ID I always thought it was; “If a woman looks you in the eye, she will sleep with you.” You know, all those rules in Cosmo: “Make sure to touch his arm.” “Hold his eye for three seconds.” Please, if you did that in New York, you’d be killed.

LG It’s true, you’d be dead. And also, there’d be millions of people you’d be sleeping with. (laughter) Department of Motor Vehicles. The guy who took your picture for your passport … . Do men like funny women? A lot of them can’t handle it.

ID I must say that for me, we’ve been friends first and then I’ve gone out with them. I don’t get the initial attention. If I walk into a room, the only people who walk up to me are old men. And I don’t mean older, I mean old. Older men get me. Younger guys don’t look twice until after they’ve talked with me.

LG Do you want to direct more?

ID Absolutely. In The Perfect Woman, we had two days to shoot, so I gave up the idea of grand shots and concentrated on the acting and made that the essence of it. I want to explore women’s issues in film, but from a comic perspective. A lot of films that are supposedly “women’s films,” I find very cliché-ridden. Women have to stop being victims. That’s an issue that really interests me.

LG But to do that from a humorous point of view, that is truly challenging.

ID Why are women competitive with other women, why do women not help other women up the ladder? Is it a biological issue? Is it competition: if we’re all animals, is it two women for every man? These are the issues I want to see in films.

LG I think it’s sociological. Too many women think they have to act like men in order to be successful, or that they have to make a stereotypical male movie. On the other hand, there’s Jane Campion who has the self-confidence to have her own visual and emotional language, without apology.

ID If women direct films and complete them, that gives them a tremendous sense of confidence, knowing that they have options in Hollywood besides utilizing their sexuality to get a job. Most actresses I know who go into an audition will appeal to the director in a sexual way, and feel that that is the quality which will get them a job. And 75 percent of that is true but I think as women, that makes you feel bad about yourself.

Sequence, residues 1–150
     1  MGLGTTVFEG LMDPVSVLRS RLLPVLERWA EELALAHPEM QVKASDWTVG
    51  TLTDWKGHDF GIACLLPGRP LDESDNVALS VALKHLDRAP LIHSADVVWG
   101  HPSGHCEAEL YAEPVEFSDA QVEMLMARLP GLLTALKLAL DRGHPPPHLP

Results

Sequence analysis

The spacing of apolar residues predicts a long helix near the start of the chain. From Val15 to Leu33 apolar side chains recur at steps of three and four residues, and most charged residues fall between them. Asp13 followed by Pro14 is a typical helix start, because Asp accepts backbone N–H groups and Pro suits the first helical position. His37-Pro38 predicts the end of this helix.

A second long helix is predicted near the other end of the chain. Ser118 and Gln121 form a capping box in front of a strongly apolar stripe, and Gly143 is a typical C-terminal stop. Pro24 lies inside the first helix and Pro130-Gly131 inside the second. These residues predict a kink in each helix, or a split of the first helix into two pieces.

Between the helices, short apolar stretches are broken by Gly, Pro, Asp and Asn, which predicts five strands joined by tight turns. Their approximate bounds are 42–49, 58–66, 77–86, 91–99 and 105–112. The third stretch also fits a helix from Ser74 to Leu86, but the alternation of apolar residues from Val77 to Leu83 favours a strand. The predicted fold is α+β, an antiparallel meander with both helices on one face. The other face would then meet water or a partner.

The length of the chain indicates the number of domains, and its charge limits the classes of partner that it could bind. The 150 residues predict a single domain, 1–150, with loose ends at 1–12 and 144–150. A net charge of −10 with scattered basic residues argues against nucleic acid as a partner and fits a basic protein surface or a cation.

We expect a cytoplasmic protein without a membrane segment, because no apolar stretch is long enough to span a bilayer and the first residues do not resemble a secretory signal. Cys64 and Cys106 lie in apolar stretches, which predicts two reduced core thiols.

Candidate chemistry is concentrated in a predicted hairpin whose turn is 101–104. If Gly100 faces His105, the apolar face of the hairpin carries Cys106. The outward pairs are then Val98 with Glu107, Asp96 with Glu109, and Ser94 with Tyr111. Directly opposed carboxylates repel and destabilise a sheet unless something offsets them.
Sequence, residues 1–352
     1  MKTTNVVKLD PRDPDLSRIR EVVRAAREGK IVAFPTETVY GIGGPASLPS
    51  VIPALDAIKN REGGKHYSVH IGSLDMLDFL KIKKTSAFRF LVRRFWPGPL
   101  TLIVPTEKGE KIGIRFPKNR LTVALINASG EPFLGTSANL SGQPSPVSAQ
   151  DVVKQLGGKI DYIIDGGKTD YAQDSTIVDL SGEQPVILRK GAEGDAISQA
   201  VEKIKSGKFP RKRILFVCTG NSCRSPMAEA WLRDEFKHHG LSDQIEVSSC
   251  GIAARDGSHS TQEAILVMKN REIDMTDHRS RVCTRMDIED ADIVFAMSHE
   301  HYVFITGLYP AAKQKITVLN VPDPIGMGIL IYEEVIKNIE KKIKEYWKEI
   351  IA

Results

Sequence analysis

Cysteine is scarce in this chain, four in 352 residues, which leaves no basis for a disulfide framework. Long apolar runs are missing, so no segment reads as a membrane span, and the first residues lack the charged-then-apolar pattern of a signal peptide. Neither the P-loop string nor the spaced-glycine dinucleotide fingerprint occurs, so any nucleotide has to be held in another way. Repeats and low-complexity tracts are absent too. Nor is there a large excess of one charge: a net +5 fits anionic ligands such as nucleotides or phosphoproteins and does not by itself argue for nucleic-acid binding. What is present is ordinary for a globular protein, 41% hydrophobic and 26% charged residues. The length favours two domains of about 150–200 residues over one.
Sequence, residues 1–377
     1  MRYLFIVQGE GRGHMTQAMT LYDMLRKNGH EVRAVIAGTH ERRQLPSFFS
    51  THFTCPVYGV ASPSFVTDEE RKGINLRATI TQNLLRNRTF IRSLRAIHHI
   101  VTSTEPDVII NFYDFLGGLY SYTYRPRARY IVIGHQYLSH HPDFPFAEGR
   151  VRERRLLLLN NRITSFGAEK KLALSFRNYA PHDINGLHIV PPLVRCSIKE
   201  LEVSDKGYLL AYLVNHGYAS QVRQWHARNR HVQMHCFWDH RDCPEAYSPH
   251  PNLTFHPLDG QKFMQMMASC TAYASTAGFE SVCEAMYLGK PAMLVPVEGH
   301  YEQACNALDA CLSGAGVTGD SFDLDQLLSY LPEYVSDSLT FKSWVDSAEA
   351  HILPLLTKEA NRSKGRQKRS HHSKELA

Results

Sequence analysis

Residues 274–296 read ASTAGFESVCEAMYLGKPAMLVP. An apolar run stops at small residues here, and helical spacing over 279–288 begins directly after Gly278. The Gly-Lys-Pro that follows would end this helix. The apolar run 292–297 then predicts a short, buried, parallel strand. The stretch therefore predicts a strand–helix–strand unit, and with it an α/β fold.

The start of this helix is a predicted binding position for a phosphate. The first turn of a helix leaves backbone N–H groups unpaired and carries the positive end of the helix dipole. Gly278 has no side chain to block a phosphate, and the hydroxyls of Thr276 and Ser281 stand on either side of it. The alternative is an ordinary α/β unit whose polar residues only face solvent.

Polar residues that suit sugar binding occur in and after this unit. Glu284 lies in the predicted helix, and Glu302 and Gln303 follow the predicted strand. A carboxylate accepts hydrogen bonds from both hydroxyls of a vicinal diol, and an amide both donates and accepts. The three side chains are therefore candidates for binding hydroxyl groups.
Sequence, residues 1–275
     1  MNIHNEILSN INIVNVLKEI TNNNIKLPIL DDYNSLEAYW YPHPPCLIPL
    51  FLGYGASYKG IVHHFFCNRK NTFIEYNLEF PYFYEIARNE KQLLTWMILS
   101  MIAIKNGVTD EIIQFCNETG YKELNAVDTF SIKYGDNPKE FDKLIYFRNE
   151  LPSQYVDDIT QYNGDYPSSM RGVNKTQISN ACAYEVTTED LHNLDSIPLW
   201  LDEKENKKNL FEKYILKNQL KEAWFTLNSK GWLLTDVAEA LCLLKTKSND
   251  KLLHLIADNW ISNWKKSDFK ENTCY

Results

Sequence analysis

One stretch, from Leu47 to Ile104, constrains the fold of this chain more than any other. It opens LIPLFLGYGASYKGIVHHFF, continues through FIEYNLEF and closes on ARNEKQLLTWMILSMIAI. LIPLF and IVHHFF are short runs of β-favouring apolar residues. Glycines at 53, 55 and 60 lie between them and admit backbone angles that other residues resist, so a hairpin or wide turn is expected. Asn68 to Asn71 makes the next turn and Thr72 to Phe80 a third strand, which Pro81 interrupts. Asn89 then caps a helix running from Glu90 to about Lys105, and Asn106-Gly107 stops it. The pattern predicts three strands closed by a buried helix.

LG But again, there are films like Alison Anders’ film, Gas Food Lodging, that come from a female perspective without being heavy-handed. That film showed you what it’s like to live in this little society of women with men coming and going.

ID Actually, I’m working on a project with Alison Anders about girl groups in the 1960s where I play a singer/songwriter. My feeling is, if you want to express something to men, put a man in the scene. In The Perfect Woman, it’s all women because I wanted that, but it’s shot from the male point of view. It involves the man somewhat. The next thing I want to do is a man and a woman talking about what I consider to be a real woman’s issue: why do women let themselves be victimized?

LG It’s a great issue for women artists because the act of making art contradicts being a victim.

ID We set it up from the beginning. It starts on your first date when you pick the least expensive thing on the menu. “I don’t want him to see that I really eat.”

LG “Well, I just kind of exist. I’m sort of ethereal.” My attitude now is, “What you see is what you get.” The thing is, most men really don’t care. The last thing they’re noticing is your eyelashes, your new haircut. They don’t notice much; they’re too busy worrying about themselves. Which is the good news and the bad news, and it comes from men being in power. We’re always sneaking around, looking at them, wondering what they’re thinking about us. And they’re not. Why should they? They have the power and they don’t have to sit around and consider what we think until we show everyone that we do have something interesting to say.

Tell me about your future projects. You’re doing a movie with the artist David Salle, right?

ID Yes, called Search and Destroy, with Griffin Dunne and Dennis Hopper. It’s like After Hours10 years later, a black comedy about a guy played by Griffin, who’s on a journey of self-discovery and meets my character, a woman named Marie who works for a self-help guru (Dennis Hopper). She’s a mixed-up person working for this maniac and then she meets Martin. They give each other the strength to do what each wants.

And besides my project with Alison Anders. I’m working on another film with Alison Maclean (Crush). It’s a remake of Bedlam, which takes place in the 18th century, about a woman who gets locked up for speaking her own mind. I saw the original film and thought it was incredible, but it was made as a B movie. I told Ruth Charny about it and she found Alison Maclean. The idea is to try to find work for yourself, to find projects you like and surround yourself with people who can help make it happen, people with names. Because at this point that’s the only way to get to do what you want. If I had just waited around for another Cape Fear to come along, I’d still be waiting.

Lynn Geller is a screenwriter and music supervisor living in New York.

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BOMB 46, Winter 1994